On the other hand, prophetic rolls might be just the thing to use to strike a happy medium, though why, as our reader inquires, we should wish our psychic friends to be unhappy, or indeed strike them when they are not, remains unclear.

Communicating with the dead is obviously a risky business, especially as they might be buried in constipated ground or, as the Countess of Harewood kindly suggested, have too hastily signed over their Power of Eternity.

One husband told me that his wife likes to say: ‘'If my mother were alive now, she’d turn in her grave.’ I know that’s not quite a fake etymology, but I include it, along with ‘my words fell on stony ears’. This must be close to bear-faced cheek, which might be a relative of the moveable beast, as in ‘Easter is a moveable beast — it all depends on when the hens start laying’.

I feel very sorry for the child who nearly choked on his biblical cord, and for the gentleman who feels ‘out on a limbo’. I think we have all felt out on a limbo sometimes, perhaps especially the lady who ‘has a milestone round her neck’.

I was sent a delicious little book, entitled A Decapitated Coffee, Please. This is a truly bonkers collection of malapropisms and misnomers, lovingly brought together by Des MacHale, and published by a little Irish publisher in Cork called Mercier Press.

Anyone out there — and it seems like most of you — who revels in our linguistic glories should get hold of this book. It is the kind of thing to keep in the loo — which, incidently, to correct one of my readers, doesn’t come from regardez vous, as the night-pail was sloshed out of the window, but from gardez-l’eau, indeed as the posh French chambermaids emptied their posh French chamberpots. Needless to say, the non-French less posh were soon copying the idea and mispronouncing it as Gardy-Loo. It is a bit like our friend San Fairy Ann, who I am told, has a sister called Fairy Nuff.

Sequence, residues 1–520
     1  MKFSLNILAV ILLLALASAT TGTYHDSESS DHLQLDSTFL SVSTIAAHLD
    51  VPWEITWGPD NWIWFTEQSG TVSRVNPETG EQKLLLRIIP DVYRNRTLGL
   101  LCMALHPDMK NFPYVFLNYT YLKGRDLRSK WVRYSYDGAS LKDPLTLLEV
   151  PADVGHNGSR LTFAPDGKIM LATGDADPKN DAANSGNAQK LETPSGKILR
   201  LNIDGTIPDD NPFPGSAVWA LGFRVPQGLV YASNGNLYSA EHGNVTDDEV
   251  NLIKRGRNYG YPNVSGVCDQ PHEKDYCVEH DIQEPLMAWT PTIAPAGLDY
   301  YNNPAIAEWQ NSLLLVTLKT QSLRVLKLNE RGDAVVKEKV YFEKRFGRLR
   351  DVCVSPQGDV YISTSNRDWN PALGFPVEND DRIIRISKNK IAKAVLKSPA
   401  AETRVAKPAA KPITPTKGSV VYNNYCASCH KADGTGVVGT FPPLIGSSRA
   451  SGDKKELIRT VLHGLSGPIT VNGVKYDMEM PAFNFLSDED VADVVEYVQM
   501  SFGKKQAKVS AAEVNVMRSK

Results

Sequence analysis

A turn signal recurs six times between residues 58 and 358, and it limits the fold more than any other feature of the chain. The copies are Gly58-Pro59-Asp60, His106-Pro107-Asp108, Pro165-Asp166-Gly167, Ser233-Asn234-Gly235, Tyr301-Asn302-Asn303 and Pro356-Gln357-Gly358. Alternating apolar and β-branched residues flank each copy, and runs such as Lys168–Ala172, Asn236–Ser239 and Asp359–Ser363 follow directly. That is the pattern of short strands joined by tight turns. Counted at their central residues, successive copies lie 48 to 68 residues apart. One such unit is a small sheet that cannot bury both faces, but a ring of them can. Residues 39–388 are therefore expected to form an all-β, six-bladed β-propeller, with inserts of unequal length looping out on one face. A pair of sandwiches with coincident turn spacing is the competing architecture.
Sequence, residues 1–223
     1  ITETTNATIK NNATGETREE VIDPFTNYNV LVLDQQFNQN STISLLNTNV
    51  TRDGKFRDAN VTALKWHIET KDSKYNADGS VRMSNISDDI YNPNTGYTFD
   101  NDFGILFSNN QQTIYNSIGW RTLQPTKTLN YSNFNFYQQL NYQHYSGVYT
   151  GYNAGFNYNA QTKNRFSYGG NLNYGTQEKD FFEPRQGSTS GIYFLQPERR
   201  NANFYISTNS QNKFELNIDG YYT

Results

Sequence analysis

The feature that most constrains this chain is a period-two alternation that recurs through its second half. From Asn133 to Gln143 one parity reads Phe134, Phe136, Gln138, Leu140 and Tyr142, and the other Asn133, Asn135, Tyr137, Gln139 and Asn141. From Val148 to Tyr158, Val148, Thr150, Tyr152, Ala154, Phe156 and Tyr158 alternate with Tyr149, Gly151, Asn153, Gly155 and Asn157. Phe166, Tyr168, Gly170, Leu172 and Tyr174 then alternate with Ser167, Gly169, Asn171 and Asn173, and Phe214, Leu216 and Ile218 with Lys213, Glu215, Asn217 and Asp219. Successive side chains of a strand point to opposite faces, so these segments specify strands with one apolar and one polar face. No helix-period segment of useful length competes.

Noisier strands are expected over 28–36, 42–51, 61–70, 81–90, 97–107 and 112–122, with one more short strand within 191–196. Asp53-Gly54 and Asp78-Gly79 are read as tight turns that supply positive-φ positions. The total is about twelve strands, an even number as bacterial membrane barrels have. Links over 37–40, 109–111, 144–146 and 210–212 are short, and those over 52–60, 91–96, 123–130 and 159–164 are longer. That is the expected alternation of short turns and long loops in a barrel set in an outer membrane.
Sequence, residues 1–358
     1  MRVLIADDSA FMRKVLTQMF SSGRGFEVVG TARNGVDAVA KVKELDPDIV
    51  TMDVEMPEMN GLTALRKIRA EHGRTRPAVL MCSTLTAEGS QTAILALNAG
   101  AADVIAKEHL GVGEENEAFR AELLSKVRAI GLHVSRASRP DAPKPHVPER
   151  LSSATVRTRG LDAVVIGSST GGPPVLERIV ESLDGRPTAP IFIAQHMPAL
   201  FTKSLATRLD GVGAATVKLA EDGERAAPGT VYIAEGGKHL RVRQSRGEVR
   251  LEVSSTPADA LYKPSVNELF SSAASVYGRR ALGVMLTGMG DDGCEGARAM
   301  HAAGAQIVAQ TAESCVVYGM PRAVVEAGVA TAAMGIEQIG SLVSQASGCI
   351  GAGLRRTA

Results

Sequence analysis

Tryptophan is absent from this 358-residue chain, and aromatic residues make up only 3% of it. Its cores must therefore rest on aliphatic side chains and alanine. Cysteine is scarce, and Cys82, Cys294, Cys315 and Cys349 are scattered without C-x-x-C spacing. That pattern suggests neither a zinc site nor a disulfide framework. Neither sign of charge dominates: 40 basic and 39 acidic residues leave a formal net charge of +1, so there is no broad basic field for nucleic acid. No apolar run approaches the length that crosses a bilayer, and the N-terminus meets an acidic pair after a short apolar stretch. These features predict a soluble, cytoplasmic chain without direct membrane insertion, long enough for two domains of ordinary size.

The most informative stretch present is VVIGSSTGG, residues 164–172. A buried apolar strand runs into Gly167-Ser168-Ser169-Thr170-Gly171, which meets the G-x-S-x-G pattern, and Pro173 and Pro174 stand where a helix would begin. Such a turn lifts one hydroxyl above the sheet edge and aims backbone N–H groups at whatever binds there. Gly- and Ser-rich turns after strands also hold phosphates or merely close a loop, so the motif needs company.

Anyway, the little book is perfect for the loo, and will cheer you up on those gloomy days when you are feeling a bit down in the mouse, presumably the mouse-hole, which I see is really a mouse-all, because that’s where all the mice live.

A couple of my favourites from the book are: ‘You could have knocked me down with a fender.’ And: ‘Now that I have read a book about Swedish sex, I know where my volvo is.’

Mrs Winterson used to talk about an interfering madam she disliked as a ‘proper Cleopatra’. On further inquiry I discovered she had ‘a rod up her asp’.When I asked what this meant, Mrs Winterson replied: ‘She won’t let sleeping snakes lie.’